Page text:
Here in Australia, it’s not only the holiday season; it’s also the school holiday season, and my beloved brood of three is home from school for an entire eight weeks of our summer … meaning I’m smack-bang in the middle of what is always one of the hardest times of the year for me to get words on the page.
Now, my gang are not little kids any more. They’re seventeen, fifteen, and eleven. When they were smaller I used to long for them to be this age, when writing whilst they were home would be oh so very easy.
Now, admittedly, writing with bigger kids at home is a little more simple than when they were small. They can all wash/dress/feed/toilet/entertain themselves. They’re all well past the age where participating in suicidal antics – like seeing what happens when you stick a fork in the toaster or the cat in the washing machine or a massive ball of tin foil in the microwave on ‘high’ for five minutes – is all part of a day’s work, so I’m no longer required to be on constant yard duty.
But bigger kids’ needs don’t completely disappear. They’re just different.
Like needing me to drive them to the movies or the beach so they can catch up with friends. Or helping them work on their resumes so they can search for part-time work. Or sitting in the passenger seat beside my learner driver son, so he can rack up more of the seventy-five hours of driving he needs before he can earn his licence (whilst simultaneously adding to my grey hairs).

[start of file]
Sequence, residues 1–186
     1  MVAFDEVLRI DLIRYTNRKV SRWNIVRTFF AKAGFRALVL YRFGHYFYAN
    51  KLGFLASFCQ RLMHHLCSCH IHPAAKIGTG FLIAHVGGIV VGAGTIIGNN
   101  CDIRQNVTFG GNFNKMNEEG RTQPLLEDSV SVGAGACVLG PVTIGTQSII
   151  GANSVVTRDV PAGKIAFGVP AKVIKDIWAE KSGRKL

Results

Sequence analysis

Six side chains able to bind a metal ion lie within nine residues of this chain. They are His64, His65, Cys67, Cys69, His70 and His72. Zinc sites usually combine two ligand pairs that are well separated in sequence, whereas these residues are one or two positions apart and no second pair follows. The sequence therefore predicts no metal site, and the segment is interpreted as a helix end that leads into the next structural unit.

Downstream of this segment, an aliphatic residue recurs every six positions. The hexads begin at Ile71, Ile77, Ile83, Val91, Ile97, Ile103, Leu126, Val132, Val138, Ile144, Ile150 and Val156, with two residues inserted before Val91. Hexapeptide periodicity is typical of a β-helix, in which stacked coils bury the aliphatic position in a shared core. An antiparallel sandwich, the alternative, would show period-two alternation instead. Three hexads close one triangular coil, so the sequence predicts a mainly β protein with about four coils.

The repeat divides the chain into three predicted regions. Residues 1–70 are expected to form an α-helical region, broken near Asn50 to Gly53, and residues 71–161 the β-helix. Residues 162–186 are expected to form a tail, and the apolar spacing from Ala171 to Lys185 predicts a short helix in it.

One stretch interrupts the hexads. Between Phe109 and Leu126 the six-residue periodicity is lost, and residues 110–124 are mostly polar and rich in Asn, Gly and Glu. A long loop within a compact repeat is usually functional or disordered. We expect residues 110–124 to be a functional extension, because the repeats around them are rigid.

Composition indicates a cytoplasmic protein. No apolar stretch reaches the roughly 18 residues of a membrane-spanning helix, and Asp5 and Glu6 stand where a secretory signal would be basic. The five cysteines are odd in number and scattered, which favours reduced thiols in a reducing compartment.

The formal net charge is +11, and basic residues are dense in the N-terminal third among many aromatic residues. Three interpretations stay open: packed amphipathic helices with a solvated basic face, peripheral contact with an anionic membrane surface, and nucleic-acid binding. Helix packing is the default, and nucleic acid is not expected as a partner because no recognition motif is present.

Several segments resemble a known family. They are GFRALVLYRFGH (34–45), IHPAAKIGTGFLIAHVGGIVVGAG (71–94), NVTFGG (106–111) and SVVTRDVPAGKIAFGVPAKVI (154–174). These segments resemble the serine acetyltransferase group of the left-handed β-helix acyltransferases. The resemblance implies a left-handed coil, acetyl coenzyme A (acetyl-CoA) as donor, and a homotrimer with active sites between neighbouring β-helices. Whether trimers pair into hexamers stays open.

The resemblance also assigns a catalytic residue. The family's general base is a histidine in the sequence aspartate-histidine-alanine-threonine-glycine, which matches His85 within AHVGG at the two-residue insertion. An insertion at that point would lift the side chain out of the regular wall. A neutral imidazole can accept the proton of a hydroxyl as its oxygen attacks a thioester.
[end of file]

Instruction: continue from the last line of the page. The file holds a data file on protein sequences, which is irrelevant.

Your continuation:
They’re also growing like mad, which means repeated shopping trips to pick up new shoes and clothes to replace the ones I bought only a few short months ago.
And then there’s the grocery shopping.
Two teenage boys eat A LOT.
But the hardest part of trying to write with bigger kids in the house really has little to do with any of the above. Despite the different busyness I now face, I really do have more freedom to write than when they were small.
The trouble is, my big kids have become Really Interesting young people. My seventeen-year-old’s opinions on Radiohead and Tarantino movies and the crisis in Syria; the scientific tidbits about quantum physics and space that my fifteen-year-old shares; the madcap stories my eleven year-old writes and sometimes lets me read … they are totally, endlessly fascinating to me.
(I’m their mother. I’m supposed to be ridiculously biased). 😉
Sure, I miss the cuddles and the cuteness of their smaller selves, but this age is terrific. I really enjoy my kids’ company. And part of me knows I need to make the most of them, especially when I think that in a mere five years time, maybe less, at least one of the threesome might have flown the coop …
Having these fascinating, big kids home all summer means the hardest part about finding time to write isn’t finding the elusive, precious time to escape them.
It’s finding the self-discipline to shut the door on them.
Oh, the irony.